One of the conclusions I have drawn from my more than 40 years in the talent development supplier industry is that few firms have a handle on how to consistently develop market-viable products or programs. In fact, in an informal survey I conducted with 24 talent development suppliers, I found that, on average, 70 percent of the revenue of supplier firms comes from their very first product, even 20 and 30 years later. When I am talking about product, I mean any offer you provide your clientele. This could be a highly customized program, an off-the-shelf product, or even a consulting service.
Of course, this could be interpreted that they all actually figured out quite well how to develop a product, given it had sustained their business for many years. But few have been able to repeat that early success, relying almost exclusively on product extensions to bring in additional revenue. The question then becomes, what is in the structure and process of these firms that allowed them their early success, yet hindered their subsequent product development innovation? My guess is their first products were more based on the whim, insight, and even genius of their founders than a well put together product strategy discipline.
What, then, would such a strategy look like? In general, there would be two different documents. The first would be a market requirements document (MRD). This document would identify the key market drivers, the market size, market saturation assumptions, and a financial analysis that puts these data together into a projection of expected top- and bottom-line performance for each product.
The second document would be a product requirements document (PRD) that defined what topics, length, format, and so on of new and existing products were necessary to meet the identified market requirements. Sounds relatively simple, except for the discipline required from largely entrepreneurial businesses. The result would be a strategic product road map placed side-by-side the market and product initiatives and the time horizon over which they would be rolled out. This road map would delineate the timeframes from the initial research, then the development of both the MRD and PRD, all the way through the market and product initiatives, ending with the period of first revenue for each product. This type of road map can help a business plan for the resources needed over a period of years, and how and when there will be a return on this investment.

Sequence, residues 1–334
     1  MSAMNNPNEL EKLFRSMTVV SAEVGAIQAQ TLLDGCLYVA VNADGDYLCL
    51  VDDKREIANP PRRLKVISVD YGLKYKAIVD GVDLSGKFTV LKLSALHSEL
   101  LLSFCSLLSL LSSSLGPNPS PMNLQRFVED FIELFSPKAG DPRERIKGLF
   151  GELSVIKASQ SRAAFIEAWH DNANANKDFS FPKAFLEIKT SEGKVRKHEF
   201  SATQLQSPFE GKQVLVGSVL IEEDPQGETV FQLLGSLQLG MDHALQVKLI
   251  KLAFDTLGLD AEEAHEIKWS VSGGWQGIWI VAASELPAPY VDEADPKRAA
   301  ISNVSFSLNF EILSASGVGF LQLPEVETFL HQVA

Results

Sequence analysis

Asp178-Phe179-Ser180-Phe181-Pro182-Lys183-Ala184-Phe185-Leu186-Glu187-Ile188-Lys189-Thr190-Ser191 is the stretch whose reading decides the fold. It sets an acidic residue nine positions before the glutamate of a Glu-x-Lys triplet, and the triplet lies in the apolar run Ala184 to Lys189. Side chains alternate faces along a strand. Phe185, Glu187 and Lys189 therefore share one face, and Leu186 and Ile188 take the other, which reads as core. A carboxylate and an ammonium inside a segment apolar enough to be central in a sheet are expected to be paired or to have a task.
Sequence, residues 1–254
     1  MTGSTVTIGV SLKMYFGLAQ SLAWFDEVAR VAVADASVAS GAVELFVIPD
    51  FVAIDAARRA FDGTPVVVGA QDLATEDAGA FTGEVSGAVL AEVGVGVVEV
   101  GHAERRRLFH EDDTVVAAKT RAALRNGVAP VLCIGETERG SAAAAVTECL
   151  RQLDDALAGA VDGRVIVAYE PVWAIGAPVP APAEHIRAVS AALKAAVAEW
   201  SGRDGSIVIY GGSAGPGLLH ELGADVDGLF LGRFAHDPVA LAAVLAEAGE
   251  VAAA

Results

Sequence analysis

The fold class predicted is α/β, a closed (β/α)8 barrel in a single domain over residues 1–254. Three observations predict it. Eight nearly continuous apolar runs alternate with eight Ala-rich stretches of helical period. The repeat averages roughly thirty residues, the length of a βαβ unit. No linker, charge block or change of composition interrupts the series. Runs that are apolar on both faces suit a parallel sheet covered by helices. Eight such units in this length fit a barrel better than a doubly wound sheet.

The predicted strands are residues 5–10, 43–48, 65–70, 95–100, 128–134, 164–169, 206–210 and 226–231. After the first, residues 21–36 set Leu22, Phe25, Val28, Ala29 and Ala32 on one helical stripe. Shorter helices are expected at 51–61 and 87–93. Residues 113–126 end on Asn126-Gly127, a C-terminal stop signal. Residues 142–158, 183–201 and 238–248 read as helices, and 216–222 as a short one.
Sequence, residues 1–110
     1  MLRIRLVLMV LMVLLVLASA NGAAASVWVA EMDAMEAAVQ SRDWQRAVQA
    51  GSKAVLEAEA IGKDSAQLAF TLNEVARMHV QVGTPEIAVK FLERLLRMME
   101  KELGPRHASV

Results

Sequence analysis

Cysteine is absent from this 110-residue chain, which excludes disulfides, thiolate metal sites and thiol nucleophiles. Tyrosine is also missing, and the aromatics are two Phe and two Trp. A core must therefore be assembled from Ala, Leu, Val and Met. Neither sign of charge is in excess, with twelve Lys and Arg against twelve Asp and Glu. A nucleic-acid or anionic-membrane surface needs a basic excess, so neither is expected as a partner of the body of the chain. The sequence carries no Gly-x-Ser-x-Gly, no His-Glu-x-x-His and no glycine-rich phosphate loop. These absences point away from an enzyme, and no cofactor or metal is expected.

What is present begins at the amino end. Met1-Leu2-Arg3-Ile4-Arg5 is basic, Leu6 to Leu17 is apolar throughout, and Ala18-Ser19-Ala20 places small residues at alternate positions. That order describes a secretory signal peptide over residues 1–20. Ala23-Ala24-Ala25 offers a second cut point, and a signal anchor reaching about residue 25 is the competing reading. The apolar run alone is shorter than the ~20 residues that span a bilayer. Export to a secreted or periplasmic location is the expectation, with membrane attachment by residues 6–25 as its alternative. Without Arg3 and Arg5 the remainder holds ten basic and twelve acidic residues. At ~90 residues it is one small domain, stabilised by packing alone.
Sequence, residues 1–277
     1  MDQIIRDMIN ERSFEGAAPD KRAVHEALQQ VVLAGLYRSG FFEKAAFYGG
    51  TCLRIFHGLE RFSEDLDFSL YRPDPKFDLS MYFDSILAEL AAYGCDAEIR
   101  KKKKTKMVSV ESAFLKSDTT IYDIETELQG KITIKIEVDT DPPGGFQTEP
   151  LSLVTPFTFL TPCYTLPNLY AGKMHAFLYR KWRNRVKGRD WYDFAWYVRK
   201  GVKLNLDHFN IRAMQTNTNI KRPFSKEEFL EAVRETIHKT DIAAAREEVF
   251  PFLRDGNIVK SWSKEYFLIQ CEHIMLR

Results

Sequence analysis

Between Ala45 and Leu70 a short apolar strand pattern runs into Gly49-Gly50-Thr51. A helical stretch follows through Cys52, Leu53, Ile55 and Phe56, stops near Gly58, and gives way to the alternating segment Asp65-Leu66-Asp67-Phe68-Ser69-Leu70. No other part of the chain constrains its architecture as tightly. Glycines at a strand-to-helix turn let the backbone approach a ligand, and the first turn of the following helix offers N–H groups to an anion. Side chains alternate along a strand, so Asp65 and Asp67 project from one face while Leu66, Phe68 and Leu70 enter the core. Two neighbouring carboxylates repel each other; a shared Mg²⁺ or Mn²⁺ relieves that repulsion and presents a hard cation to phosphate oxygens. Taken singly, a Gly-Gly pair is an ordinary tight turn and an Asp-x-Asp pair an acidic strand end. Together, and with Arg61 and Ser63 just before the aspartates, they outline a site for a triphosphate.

Combining a market analysis with a product development plan can result in what is called an Ansoff Matrix, first published in Harvard Business Review in 1957 (see figure below). This is a simple two-by-two window, as shown below, that can give you a line of sight to your overall product strategy.
From this matrix you can not only decide your specific product strategy, but also ascertain where your relative risk lies. The highest risk would be when you have to diversify by selling new products to new markets. The lowest risk would be when you have to penetrate an existing market; that is, expand you current offering into a market in which you are currently selling. Medium risks occur when you are developing new products for existing customers or doing market development by selling existing products to new customers.
Putting together a forward-thinking approach to developing your offerings will save considerable time, money, and effort. But, most importantly, it will better ensure you are able to meet the needs of your customers while effectively affording your development plan.
What have you done, or could you do, to integrate your market and product development initiatives to create a strategic product road map?
For more insight, check out The Complete Guide to Building and Growing a Talent Development Firm.